Another field of interest for MF application is Neurology. MF has proven useful in both invivo and invitro drug delivery applications via on-chip reservoirs located on neural implants or in neuronal cells through high-precision delivery of growth and inhibitory factors using gradient-generating devices respectively. Complex interactions that exist among neural cells can be difficult to probe when using conventional means of analysis. Under these assumptions, MF has proven to be a most well-suited technique in neurology experiments. For example, when using MF devices with charged membrane-permeable, potential-sensitive dyes, it is possible to obtain a quick and highly sensitive determination of transmembrane potential with the use of minimal reagents. NMR (nuclear magnetic resonance) micro coils where NMR probes that are micro-fabricated on the glass substrate MF platform and sucrose solution have been used effectively in the study and testing of single non-perfused neurons. MF principles and techniques has also proven itself useful when applied to isolate brain tissue culture. Under invitro, separation of brain tissue remains a complicated task requiring impeccable control over experimental conditions as well as access to neural networks and synapses. The drug development process can be broken down to two phases, first, drug discovery, followed by drug testing. Phase one is comprised of selection of target, lead identification, and preclinical studies. The development stage includes clinical trials, manufacture, and the product lifecycle management. Compact MF devices small enough are coming to as novel tools in the study of target selection, lead identification, optimization, preclinical test and dosage advancement.
In biology, cell sorting is considered as a preliminary step in cellular level studies. As a result, Microfluidic chip-based sorters that leverages on system miniaturization have garnered a lot of interest over recent years. Microfluidic cell sorters employ a varied number of passive and active cell sorting mechanisms such as electric, magnetic, hydrodynamic and optical mechanisms. The most popular method is the electric sorting mechanism due to its flexibility, integration, and viability for automation. Sorting cells using the electro-kinetic switching is also a common approach, however, electro-kinetic interactions have shown to be relatively too weak when used with large cells or particles. Recently, Yao et al. combined both gravity and electro-kinetic forces for use in flow cytometry and fluorescence-activated cell sorting, with the system applied to determine the necrotic and apoptotic effects of ultraviolet light on HeLa cells. Discrimination of cells via magnetic nanoparticle tagging in microfluidic devices have also been reported by Ingris et al. The most common and standard method employed by microfluidic cell sorters is the hydrodynamic method. Here, cell sorting is done through determination of cells exhibiting fluorescent signals and sorting via active switching of flow directions. Recent advances in high-throughput hydrodynamic cell sorting has been reported by Chabert and Viovy et al. , wherein high throughput encapsulation of isolated cells is spontaneously self-sorted picoliter droplets. Optical sorting mechanism and their encompassing types, such as optical tweezers and optical traps, have proven attractive for microfluidic sorters due to the mechanism’s inherent non-physical contact and prevention of contamination. Separation of fluorescent cells using microfluidic chips via optical force switching has been demonstrated by Wang et al. In order for cells to be effectively analyzed on microfluidic chips, it is necessary for cells to be immobilized. Cell patterning in microfluidic channels by soft lithographic techniques such as micro-contract printing, patterning via microfluidic channels, and laminar flow patterning are common methods.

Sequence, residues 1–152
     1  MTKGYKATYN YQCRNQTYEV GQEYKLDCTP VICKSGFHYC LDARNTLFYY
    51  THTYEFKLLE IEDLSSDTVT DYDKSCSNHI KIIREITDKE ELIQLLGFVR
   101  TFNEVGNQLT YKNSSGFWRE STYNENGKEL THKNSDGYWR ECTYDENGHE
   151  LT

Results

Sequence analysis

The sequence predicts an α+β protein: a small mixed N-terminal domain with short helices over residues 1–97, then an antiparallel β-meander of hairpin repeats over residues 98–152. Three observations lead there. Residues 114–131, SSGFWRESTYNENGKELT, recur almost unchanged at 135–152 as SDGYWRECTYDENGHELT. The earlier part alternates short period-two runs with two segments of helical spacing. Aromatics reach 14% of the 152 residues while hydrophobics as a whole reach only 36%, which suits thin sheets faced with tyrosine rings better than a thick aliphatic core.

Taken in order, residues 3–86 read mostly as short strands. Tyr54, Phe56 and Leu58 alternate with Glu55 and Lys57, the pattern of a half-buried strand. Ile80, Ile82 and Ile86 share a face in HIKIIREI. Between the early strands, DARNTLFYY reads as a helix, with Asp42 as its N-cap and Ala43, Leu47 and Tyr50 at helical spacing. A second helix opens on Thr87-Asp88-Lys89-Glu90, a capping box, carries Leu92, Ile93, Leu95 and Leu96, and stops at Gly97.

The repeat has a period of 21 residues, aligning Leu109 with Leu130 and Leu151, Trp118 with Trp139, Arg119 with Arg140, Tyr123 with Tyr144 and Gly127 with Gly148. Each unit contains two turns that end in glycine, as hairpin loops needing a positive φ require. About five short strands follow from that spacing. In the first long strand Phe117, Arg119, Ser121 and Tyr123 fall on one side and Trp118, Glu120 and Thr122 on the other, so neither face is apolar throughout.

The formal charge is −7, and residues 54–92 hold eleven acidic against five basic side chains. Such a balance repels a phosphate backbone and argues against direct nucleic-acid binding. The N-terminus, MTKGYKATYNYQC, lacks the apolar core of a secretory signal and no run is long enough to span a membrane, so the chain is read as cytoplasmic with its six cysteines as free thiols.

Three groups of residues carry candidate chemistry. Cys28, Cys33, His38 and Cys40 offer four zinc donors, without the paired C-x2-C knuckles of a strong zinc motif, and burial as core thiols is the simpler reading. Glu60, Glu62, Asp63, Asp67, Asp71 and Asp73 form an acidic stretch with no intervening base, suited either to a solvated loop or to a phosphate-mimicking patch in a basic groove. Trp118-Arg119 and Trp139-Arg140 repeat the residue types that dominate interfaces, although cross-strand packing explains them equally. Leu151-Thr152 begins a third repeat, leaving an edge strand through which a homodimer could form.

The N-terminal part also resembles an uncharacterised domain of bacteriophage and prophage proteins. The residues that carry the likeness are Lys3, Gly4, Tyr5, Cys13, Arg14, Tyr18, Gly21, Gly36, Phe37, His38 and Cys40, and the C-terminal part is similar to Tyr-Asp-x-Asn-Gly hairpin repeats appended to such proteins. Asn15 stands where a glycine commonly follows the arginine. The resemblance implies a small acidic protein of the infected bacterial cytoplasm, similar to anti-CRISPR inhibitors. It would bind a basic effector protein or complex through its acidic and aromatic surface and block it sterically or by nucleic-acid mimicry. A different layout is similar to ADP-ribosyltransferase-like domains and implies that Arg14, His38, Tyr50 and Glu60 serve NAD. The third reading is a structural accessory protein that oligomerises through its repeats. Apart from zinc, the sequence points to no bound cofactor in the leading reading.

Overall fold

An important focal point of application for MF technologies have been in biomedical diagnostics, as MF technology possess unique features that make it appealing for the fabrication of Point of Care (PoC) testing devices. To date, some previous DNA separation techniques and diagnostics have been successfully miniaturized. Various molecules such as DNA, RNA and chemicals have often been analyzed with numerous MF systems for both general purpose and disease diagnostics.